RECOMMENDS that all Members of the United Nations immediately recall from Madrid their ambassadors and ministers plenipotentiary accredited there.
THE GENERAL ASSEMBLY FURTHER RECOMMENDS that the States Members of the Organization report to the Secretary-General and to the next session of the Assembly what action they have taken in accordance with this recommendation.
Treatment of Indians in the Union of South Africa
[This resolution requests the Government of India and the Government of the Union of South Africa to report at the next session of the General Assembly the measures adopted to assure that the treatment of Indians in the Union of South Africa is in conformity with the international obligations under the agreements concluded between the two Governments and with the Charter. The resolution was adopted by the General Assembly on December 8, 1946 by a vote of 32 to 15, with 7 abstentions. The United States voted in the negative, favoring instead a proposal to refer the question whether any international obligations were involved to the International Court of Justice for an advisory opinion. An amendment to this effect failed to receive the necessary majority in the General Assembly.)
THE GENERAL ASSEMBLY,
Having taken note of the application made by the Government of India regarding the treatment of Indians in the Union of South Africa, and having considered the matter:
1. STATES that, because of that treatment, friendly relations between the two Member States have been impaired, and unless a satis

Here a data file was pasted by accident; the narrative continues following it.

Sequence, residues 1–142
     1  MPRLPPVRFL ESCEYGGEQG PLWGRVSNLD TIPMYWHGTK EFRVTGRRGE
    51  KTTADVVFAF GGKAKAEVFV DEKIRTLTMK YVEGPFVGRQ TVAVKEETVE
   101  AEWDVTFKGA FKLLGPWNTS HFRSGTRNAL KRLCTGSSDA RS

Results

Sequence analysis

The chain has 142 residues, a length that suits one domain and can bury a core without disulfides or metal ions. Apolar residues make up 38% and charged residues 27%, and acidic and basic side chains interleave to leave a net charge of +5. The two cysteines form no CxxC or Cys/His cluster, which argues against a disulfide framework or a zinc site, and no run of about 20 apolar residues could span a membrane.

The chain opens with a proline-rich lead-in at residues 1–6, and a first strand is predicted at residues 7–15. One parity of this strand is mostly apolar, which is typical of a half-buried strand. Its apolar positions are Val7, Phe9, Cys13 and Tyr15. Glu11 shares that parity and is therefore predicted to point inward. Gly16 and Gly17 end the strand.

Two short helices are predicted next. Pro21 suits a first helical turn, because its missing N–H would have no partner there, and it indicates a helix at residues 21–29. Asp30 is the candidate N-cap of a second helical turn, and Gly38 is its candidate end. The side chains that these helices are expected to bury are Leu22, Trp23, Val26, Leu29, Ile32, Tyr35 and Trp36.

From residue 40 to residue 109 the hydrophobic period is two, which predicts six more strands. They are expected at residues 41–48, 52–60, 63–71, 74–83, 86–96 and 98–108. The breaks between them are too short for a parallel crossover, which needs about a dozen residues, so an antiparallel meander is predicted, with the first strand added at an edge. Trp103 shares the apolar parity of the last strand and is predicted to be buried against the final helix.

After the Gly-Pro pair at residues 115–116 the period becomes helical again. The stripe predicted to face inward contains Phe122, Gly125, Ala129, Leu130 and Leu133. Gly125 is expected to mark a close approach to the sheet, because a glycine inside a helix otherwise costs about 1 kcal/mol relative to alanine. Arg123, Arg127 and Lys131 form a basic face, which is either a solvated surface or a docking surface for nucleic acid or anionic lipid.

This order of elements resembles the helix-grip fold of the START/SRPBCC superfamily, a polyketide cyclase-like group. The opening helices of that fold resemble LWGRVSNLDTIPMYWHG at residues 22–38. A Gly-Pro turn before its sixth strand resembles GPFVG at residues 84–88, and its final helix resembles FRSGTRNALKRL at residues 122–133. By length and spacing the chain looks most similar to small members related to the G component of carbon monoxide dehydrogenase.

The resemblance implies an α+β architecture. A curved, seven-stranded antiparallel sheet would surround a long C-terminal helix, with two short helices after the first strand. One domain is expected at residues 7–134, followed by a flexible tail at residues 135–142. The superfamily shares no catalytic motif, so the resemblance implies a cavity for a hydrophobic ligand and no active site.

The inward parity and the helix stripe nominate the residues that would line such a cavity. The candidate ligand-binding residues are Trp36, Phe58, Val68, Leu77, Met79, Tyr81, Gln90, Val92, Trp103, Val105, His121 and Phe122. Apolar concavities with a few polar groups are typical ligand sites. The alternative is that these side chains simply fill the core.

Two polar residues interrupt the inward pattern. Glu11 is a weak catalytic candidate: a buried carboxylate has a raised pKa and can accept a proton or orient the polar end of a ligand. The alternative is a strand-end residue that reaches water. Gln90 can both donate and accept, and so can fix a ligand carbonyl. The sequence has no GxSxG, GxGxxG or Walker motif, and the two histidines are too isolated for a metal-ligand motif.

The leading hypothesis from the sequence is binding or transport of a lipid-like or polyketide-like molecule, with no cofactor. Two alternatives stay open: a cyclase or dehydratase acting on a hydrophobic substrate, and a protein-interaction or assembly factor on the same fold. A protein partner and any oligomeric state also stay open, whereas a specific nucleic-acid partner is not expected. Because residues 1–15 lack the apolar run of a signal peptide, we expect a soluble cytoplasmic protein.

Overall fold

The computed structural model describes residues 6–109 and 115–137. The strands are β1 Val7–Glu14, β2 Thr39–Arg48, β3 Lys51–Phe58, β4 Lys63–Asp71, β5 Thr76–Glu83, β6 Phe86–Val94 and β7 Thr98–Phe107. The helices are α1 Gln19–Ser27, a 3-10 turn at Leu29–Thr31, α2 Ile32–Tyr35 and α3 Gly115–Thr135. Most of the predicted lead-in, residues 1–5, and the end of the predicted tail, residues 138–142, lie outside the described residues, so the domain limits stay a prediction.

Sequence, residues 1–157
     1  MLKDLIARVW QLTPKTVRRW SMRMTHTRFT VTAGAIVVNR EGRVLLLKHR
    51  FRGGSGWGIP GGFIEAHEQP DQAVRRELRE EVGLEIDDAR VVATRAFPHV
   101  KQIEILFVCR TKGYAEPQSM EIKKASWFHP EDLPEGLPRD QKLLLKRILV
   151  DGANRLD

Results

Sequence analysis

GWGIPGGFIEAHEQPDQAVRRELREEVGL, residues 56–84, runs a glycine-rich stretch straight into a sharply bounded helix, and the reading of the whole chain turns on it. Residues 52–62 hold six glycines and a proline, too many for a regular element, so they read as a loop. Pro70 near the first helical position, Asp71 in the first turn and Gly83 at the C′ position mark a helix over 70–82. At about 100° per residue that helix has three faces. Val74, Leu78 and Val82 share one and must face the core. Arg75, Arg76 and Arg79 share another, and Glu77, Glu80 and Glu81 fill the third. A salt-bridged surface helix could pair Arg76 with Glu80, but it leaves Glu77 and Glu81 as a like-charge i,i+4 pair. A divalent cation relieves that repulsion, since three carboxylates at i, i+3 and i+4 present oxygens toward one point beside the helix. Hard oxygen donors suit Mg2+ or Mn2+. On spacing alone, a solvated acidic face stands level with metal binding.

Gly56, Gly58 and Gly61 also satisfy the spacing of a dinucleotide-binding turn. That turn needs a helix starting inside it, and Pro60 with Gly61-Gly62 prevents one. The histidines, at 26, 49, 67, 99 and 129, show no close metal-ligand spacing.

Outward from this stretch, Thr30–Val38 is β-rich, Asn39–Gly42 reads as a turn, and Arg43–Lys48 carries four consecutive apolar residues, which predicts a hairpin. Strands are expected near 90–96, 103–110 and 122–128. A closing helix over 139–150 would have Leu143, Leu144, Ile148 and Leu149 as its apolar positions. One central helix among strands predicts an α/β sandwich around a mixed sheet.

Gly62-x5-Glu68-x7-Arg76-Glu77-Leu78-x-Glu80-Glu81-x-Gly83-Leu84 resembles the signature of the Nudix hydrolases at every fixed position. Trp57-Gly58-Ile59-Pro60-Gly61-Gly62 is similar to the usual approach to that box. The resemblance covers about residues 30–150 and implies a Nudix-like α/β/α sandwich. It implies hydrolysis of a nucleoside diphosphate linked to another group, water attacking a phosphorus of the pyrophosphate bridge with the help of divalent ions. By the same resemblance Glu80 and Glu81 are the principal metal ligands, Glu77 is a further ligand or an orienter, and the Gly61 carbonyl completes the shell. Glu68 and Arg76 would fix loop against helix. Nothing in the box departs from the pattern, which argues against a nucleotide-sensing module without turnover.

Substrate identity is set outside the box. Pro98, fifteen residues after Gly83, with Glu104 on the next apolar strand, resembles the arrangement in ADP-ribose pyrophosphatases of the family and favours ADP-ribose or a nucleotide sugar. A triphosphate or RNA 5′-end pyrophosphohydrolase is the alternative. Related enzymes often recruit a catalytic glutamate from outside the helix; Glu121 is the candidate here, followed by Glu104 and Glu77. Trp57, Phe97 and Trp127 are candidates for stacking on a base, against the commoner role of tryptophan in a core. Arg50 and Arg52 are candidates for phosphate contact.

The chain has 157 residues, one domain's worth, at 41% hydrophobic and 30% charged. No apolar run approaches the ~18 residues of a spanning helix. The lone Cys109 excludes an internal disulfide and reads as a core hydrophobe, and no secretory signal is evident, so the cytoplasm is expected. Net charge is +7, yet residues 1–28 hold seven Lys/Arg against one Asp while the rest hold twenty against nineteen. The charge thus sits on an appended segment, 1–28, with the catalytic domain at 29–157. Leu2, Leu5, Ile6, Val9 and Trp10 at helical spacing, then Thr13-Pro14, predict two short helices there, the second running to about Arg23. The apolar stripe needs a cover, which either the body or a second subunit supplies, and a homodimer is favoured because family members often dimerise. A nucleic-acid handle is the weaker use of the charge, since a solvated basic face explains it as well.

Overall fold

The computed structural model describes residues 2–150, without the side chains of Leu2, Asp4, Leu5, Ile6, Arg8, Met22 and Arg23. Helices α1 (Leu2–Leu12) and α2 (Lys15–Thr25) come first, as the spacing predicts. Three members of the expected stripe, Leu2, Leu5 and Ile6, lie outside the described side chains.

factory settlement is reached, these relations are likely to be further impaired;
2. Is OF THE OPINION that the treatment of Indians in the Union should be in conformity with the international obligations under the agreements concluded between the two Governments and the relevant provisions of the Charter;
3. THEREFORE REQUESTS the two Governments to report at the next session of the General Assembly the measures adopted to this effect.
World Shortage of Cereals and Other Foodstuffs [This resolution requests the Members to take certain steps to alleviate world food shortages in 1947 and to facilitate the equitable allocation and prompt distribution of available food supplies. The General Assembly unanimously approved the resolution on December 11, 1946.]
At its thirty-third plenary meeting on 14 February 1946, the General Assembly adopted a resolution urging action both directly by Governments and through the international organizations concerned, to alleviate the anticipated serious shortage of bread-grains and rice.
The General Assembly has learned with satisfaction of the extent to which the position in 1946 was improved, particularly with respect to bread-grains, by the common effort of the United Nations, thus saving millions of lives during the critical months before the 1946 harvest.
The General Assembly recognizes, however, that the food situation is still unsatisfactory. A number of countries have not yet overcome the devastating results of the enemy occupation to which they were subjected and are obliged on this account to continue emergency imports of grains, fats and other foodstuffs. A severe shortage of these foodstuffs exists in many European countries, even in some of those which before the war were themselves exporters. In a number of countries of Asia the shortage of cereals and other foodstuffs has led to undernourishment and even famine, resulting in heavy loss of human lives, as in the case of India and China. There is also a widespread shortage of livestock.
The General Assembly notes, moreover, that in 1945 and 1946 some countries of Europe and Asia were affected by drought and bad harvest, resulting in still further deterioration of their food situation. Some countries which were not under enemy occupation have even introduced bread rationing for the first time, for instance, the United Kingdom. In addition, some countries of Latin America are experiencing food shortages and are obliged to import grain.